Society Magazine

One in Ten Haven’t Carried out a Good Deed ‘in Over a Year’

Posted on the 31 October 2013 by 72point @72hub

The average Brit carries out 48 good deeds a year, it has been revealed. A study found holding the door open for a stranger, giving way to another driver and donating spare change to charity collectors were among the regular acts of kindness carried out.

Stopping the car to let people across the road, giving directions to someone who looks lost, complementing someone on how they look and even taking a spider outside instead of killing it are also common good deeds.

Encouragingly, nearly one third of us have experienced a kind act from a stranger recently.

However, the research also revealed one third of the 2,000 people surveyed haven’t done a good deed for over a month, while one in four have left it six months since their last kind gesture.

And as many as one in ten haven’t carried out a good deed in over a year.

Michelle Frost, spokeswoman for Galaxy Hot Chocolate said:

”In addition to everyday good deeds, there are thousands of warm hearted people and organisations that go out of their way to help their local community day in day out.

”This essential band of volunteers really lead the way in demonstrating the benefits of helping people out when and where ever possible.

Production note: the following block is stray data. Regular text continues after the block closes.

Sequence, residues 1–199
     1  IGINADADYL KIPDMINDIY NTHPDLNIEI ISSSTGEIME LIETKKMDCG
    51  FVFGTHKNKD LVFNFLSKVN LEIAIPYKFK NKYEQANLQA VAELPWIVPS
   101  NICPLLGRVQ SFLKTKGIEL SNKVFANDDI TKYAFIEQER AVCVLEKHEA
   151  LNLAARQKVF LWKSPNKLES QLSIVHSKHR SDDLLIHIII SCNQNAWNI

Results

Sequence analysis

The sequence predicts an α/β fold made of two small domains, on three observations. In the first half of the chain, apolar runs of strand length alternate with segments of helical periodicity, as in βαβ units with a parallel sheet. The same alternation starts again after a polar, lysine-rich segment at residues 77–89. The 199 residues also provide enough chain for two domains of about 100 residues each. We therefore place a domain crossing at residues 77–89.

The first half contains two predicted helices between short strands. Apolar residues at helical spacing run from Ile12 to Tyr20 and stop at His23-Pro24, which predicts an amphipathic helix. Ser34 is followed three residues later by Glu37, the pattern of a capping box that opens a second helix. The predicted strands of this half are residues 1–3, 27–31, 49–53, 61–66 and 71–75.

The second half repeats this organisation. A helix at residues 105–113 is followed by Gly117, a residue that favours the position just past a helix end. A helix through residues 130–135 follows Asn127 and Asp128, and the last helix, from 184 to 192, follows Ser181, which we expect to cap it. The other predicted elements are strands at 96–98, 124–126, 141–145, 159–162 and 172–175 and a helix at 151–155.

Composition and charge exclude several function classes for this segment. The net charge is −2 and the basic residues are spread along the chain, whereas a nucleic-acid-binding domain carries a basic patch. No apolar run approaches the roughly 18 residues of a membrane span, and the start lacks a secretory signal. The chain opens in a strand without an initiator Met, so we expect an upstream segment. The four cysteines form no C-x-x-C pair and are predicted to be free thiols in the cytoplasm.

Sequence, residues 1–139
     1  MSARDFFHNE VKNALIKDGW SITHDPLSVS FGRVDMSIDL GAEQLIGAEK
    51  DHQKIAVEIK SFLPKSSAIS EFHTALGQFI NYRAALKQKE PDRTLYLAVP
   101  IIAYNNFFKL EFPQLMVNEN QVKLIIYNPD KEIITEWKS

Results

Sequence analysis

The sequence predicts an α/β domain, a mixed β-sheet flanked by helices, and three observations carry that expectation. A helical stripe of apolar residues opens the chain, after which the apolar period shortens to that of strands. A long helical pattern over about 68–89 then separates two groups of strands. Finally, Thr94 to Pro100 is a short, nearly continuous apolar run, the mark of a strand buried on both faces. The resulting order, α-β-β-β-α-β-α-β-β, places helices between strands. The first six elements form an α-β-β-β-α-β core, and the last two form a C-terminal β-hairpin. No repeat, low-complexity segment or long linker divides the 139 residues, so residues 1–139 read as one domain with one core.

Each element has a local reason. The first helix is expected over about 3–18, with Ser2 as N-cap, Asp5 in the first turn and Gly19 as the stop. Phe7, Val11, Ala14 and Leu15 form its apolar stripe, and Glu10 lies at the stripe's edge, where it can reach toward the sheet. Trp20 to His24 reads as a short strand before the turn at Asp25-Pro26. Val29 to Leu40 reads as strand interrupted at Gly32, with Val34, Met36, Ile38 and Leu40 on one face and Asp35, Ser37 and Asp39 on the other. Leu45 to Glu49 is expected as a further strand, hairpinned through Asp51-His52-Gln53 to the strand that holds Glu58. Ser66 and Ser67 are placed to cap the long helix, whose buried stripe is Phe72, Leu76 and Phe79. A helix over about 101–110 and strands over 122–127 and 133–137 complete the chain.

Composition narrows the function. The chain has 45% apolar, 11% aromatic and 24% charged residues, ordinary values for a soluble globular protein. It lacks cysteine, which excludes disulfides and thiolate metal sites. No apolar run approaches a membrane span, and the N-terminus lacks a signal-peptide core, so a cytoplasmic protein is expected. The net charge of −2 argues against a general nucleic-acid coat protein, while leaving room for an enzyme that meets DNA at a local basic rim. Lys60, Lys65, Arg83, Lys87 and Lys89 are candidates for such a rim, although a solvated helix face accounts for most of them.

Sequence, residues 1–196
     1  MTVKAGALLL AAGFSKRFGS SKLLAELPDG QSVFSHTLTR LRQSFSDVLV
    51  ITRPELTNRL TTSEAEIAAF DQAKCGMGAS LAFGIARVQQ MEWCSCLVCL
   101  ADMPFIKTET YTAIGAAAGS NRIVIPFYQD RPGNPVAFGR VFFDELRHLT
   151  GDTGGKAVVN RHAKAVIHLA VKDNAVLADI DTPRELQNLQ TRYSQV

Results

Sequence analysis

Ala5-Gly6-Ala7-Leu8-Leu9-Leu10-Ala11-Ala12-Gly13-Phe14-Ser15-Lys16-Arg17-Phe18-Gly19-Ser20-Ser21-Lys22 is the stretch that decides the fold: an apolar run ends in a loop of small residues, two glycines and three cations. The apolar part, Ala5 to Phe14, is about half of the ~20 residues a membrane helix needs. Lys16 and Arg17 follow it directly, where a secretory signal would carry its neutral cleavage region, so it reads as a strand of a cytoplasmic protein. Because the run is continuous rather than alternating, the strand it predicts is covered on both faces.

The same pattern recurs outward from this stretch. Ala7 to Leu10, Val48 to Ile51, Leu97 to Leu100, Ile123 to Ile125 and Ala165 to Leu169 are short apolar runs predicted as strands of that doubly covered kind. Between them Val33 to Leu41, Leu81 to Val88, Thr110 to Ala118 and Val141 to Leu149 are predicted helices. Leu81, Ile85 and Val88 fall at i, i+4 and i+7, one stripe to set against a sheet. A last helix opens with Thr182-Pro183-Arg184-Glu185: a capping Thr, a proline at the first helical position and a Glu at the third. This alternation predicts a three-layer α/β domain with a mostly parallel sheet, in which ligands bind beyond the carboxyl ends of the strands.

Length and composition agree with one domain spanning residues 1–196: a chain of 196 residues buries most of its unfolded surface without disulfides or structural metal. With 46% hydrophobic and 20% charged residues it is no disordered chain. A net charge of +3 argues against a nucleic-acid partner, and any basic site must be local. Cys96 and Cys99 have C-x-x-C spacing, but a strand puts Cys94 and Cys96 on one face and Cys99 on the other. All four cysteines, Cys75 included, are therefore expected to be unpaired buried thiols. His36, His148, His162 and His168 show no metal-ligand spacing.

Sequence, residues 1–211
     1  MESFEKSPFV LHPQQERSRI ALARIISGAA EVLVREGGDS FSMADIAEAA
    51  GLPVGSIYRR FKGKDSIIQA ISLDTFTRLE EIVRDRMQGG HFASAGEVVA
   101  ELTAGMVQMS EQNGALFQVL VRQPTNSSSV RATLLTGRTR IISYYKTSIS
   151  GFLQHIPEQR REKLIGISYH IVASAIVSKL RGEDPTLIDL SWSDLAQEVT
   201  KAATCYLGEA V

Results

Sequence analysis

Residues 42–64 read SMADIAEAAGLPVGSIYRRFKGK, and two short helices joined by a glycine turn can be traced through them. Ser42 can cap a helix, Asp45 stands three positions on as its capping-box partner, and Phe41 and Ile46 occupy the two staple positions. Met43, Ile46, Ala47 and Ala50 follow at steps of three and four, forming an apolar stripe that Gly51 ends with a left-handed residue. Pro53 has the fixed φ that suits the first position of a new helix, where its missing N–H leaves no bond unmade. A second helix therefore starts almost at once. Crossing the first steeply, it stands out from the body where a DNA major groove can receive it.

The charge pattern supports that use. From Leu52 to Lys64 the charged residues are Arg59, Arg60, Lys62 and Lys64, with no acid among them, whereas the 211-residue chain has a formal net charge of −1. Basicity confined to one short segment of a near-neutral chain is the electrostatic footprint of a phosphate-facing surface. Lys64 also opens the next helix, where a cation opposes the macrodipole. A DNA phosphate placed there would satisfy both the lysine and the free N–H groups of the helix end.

”Often simple acts of kindness cost nothing but have a huge impact on both those giving and experiencing the kind gesture.”

Worryingly, one third of people confessed they had experienced a situation where they knew they could help someone, but chose to walk on by.

The biggest reasons for turning a blind eye were a fear of ‘seeming weird or odd’, while many simply stated it was easier to just carry on as they were and ignore.

And four in ten respondents said their tendency to keep themselves to themselves was the main reason they weren’t open to doing a bit more for other people.

The results also revealed women as undeniably the kinder sex – proving much more likely to have given up their seat for an elderly person, pay complements to others and donate change to a charity.

While 46% of women happily let someone in front of them at the supermarket if they only had a few bits to pay for, just 27% of men have done the same.

More than three quarters of women also hold open doors for others compared to just 64% of men.

However, the results showed good intentions are there, with four out of ten people saying that they want to help out more they ‘don’t know where to start’.

The study was carried out to launch the Galaxy Hot Chocolate Fund which will help small local community groups and charities across the UK.


1. Holding the door open for a stranger
2. Letting a car out of a junction / driveway / parking spot
3. Giving spare change to a charity collector
4. Stopping to let people cross the road
5. Giving directions to someone who looks lost
6. Complementing someone on how they look
7. Letting someone with very little shopping go ahead of you in supermarket queue
8. Saying ‘bless you’
9. Picking up something that someone’s dropped
10. Taking a spider outside instead of killing it
11. Putting money in collection tins
12. Telling someone you love them spontaneously
13. Picking up rubbish
14. Giving lifts without expecting payment
15. Giving an elderly person your seat on the train / bus
16. Helping short people reach for things high up on a shelf
17. Helping mums get pushchairs up and down stairs
18. Putting the bins out for a neighbour
19. Picking up clothes off the floor in shops
20. Saying ‘keep the change’

Back to Featured Articles on Logo Paperblog